Dictionary > English Dictionary > Definition, synonym and antonym of sentence
Meaning of sentence by Wiktionary Dictionary

sentence


    Etymology

    From Middle French sentence, from Latin sententia ( “way of thinking, opinion, sentiment” ), from sentiens, present participle of sentīre ( “to feel, think” ); see sentient, sense, scent .

    Pronunciation

    • IPA: /ˈsɛntəns/, X-SAMPA: /"sEnt@ns/
    • Hyphenation: sen‧tence

    Noun

    sentence ( plural: sentences )

    1. ( obsolete ) One's opinion; manner of thinking. [14th-17th c.]
    2. ( now rare ) Someone's pronounced opinion or judgment on a given question. [from 14th c.]
    3. ( dated ) The decision or judgement of a jury or court; a verdict. [from 14th c.]
      The court returned a sentence of guilt in the first charge, but innocence in the second .
    4. The judicial order for a punishment to be imposed on a person convicted of a crime. [from 14th c.]
      The judge declared a sentence of death by hanging for the infamous cattle rustler .
    5. ( obsolete ) A saying, especially form a great person; a maxim, an apophthegm. [14th-19th c.]
    6. ( grammar ) A grammatically complete series of words consisting of a subject and predicate, even if one or the other is implied, and typically beginning with a capital letter and ending with a full stop. [from 15th c.]
      The children were made to construct sentences consisting of nouns and verbs from the list on the chalkboard .
    7. ( logic ) A formula with no free variables. [from 20th c.]
    8. ( computing theory ) Any of the set of strings that can be generated by a given formal grammar. [from 20th c.]

    Hypernyms

    Related terms

    Verb

    sentence ( third-person singular simple present sentences present participle sentencing, simple past and past participle sentenced )

    1. To declare a sentence on a convicted person .
      The judge sentenced the embezzler to ten years in prison, along with a hefty fine .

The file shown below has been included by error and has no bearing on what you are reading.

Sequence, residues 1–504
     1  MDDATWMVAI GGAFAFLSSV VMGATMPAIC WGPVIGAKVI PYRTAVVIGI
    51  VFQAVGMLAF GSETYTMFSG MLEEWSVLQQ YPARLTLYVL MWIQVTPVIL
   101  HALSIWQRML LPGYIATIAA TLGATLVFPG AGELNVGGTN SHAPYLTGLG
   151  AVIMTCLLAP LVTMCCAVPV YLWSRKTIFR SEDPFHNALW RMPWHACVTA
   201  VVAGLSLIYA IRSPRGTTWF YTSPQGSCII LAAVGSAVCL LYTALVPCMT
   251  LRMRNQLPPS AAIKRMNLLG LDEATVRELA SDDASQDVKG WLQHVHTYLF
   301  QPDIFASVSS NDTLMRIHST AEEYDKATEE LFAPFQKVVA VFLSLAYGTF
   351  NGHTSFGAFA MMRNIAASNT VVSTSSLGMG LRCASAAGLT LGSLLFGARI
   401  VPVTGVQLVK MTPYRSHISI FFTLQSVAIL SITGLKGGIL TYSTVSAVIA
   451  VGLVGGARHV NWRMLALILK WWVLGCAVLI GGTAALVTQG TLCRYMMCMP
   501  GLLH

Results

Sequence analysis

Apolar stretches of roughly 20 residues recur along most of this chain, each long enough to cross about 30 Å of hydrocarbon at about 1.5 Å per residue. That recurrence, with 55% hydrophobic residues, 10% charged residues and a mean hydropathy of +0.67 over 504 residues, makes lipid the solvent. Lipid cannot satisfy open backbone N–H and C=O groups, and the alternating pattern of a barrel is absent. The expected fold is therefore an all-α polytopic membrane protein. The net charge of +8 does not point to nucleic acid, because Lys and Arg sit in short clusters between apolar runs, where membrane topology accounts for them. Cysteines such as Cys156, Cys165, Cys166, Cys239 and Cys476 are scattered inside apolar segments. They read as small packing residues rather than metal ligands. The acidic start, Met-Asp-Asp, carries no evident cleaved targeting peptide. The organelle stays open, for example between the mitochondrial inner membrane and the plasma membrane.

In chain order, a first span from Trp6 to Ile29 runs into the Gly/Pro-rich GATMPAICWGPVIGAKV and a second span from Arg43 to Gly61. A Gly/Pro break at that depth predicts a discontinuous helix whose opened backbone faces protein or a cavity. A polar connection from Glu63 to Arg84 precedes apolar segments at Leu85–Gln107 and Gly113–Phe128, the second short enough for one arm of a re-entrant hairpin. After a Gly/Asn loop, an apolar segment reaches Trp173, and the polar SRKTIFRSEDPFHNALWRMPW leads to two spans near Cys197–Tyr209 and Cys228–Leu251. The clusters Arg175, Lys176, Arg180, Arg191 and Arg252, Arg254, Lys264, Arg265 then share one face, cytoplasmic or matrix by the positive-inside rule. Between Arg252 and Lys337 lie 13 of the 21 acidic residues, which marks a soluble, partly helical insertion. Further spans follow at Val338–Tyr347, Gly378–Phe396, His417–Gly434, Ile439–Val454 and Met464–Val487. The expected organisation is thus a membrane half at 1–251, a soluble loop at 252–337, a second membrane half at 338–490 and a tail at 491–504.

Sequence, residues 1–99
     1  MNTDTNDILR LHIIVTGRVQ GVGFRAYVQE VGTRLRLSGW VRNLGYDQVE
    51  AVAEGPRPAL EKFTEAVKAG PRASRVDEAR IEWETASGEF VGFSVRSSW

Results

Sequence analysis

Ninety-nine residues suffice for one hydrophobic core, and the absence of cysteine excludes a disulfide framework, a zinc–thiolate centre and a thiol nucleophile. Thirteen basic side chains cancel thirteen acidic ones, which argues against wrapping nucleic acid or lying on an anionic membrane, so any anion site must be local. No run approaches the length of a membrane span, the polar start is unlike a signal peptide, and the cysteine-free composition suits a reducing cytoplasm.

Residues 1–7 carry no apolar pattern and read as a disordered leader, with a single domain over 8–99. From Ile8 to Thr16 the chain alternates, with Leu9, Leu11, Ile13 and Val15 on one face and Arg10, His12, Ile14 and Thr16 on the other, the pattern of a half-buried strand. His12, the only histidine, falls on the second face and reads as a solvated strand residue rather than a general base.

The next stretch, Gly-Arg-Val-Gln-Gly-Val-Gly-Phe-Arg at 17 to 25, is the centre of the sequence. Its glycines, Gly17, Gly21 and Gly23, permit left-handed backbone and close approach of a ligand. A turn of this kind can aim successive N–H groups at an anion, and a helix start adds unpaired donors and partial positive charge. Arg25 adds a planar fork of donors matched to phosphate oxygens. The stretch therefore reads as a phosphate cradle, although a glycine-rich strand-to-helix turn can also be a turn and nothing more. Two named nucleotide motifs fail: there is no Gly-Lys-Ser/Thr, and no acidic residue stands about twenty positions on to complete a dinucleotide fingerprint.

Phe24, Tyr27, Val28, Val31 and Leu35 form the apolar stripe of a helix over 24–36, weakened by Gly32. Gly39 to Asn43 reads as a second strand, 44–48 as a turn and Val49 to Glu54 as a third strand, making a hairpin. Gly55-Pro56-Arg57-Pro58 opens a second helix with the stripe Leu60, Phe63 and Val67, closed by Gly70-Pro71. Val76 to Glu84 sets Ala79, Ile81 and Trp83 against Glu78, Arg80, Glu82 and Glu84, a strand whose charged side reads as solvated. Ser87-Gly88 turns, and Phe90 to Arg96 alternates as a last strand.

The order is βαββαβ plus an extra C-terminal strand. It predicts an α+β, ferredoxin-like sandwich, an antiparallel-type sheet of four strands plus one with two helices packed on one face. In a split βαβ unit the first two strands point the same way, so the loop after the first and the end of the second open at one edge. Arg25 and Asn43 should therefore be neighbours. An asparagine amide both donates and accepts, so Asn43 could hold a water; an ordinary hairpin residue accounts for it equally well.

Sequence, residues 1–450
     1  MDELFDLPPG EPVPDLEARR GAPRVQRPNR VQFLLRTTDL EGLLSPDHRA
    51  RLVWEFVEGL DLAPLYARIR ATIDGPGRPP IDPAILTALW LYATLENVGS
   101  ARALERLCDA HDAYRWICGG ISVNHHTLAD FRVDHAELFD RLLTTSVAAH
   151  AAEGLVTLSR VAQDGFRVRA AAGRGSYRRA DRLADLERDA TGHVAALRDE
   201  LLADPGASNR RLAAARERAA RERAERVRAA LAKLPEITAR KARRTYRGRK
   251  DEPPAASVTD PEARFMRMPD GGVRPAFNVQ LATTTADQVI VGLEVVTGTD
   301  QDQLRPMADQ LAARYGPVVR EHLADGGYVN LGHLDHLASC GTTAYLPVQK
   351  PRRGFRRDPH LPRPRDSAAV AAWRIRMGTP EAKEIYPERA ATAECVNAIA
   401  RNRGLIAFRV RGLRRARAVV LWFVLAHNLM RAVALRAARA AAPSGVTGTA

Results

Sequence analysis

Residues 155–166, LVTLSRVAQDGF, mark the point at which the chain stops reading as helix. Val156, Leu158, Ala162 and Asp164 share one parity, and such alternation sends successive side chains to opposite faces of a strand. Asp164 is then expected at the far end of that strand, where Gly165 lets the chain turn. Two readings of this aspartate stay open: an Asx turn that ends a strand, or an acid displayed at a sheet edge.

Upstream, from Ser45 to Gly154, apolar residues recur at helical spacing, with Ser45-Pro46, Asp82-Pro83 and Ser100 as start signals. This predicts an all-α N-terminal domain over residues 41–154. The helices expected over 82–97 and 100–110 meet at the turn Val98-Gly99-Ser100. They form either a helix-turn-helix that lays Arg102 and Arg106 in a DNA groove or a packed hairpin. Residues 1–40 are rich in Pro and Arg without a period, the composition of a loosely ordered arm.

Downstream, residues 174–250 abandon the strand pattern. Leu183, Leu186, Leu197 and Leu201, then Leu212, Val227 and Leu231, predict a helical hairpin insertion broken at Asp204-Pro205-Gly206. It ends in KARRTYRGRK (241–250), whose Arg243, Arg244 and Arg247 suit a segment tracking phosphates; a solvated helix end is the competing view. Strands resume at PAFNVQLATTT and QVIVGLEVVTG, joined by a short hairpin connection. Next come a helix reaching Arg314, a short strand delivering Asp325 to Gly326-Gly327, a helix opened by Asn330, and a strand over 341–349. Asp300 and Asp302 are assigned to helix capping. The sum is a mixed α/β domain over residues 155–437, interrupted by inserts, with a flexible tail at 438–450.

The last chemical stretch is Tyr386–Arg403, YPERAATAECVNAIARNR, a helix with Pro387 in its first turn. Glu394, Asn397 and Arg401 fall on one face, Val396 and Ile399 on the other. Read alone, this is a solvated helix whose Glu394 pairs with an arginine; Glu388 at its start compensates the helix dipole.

External links

    • sentence in Webster’s Revised Unabridged Dictionary, G. & C. Merriam, 1913
    • sentence in The Century Dictionary, The Century Co., New York, 1911


Explanation of sentence by Wordnet Dictionary

sentence


    Verb
    1. pronounce a sentence on ( somebody ) in a court of law

    Noun
    1. a final judgment of guilty in a criminal case and the punishment that is imposed

    2. a string of words satisfying the grammatical rules of a language

    3. he always spoke in grammatical sentences
    4. the period of time a prisoner is imprisoned

    5. his sentence was 5 to 10 years


    Definition of sentence by GCIDE Dictionary

    sentence


    1. Sentence n. [F., from L. sententia, for sentientia, from sentire to discern by the senses and the mind, to feel, to think. See Sense, n., and cf. Sentiensi.]
      1. Sense; meaning; significance. [Obs.]

      Tales of best sentence and most solace. Chaucer.

      The discourse itself, voluble enough, and full of sentence. Milton.

      2. An opinion; a decision; a determination; a judgment, especially one of an unfavorable nature.

      My sentence is for open war. Milton.

      That by them [Luther's works] we may pass sentence upon his doctrines. Atterbury.

      A philosophical or theological opinion; a dogma; as, “Summary of the Sentences; Book of the Sentences”.

      3. ( Law ) In civil and admiralty law, the judgment of a court pronounced in a cause; in criminal and ecclesiastical courts, a judgment passed on a criminal by a court or judge; condemnation pronounced by a judicial tribunal; doom. In common law, the term is exclusively used to denote the judgment in criminal cases.

      Received the sentence of the law. Shak.

      4. A short saying, usually containing moral instruction; a maxim; an axiom; a saw. Broome.

      5. ( Gram. ) A combination of words which is complete as expressing a thought, and in writing is marked at the close by a period, or full point. See Proposition, 4.

      ☞ Sentences are simple or compound. A simple sentence consists of one subject and one finite verb; as, “The Lord reigns.” A compound sentence contains two or more subjects and finite verbs, as in this verse: -

      He fills, he bounds, connects, and equals all. Pope.

      Dark sentence, a saying not easily explained.

      A king . . . understanding dark sentences. Dan. vii. 23.

    2. Sentence, v. t. [imp. & p. p. Sentenced ; p. pr. & vb. n. Sentencing]
      1. To pass or pronounce judgment upon; to doom; to condemn to punishment; to prescribe the punishment of.

      Nature herself is sentenced in your doom. Dryden.

      2. To decree or announce as a sentence. [Obs.] Shak.

      3. To utter sententiously. [Obs.] Feltham.